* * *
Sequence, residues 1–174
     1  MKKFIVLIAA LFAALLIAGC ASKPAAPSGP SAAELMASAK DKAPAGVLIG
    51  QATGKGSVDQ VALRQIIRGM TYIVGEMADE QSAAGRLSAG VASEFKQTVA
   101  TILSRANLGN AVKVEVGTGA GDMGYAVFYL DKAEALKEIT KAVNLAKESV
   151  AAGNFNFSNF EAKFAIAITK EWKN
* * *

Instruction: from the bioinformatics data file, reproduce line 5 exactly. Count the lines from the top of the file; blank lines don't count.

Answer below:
   151  AAGNFNFSNF EAKFAIAITK EWKN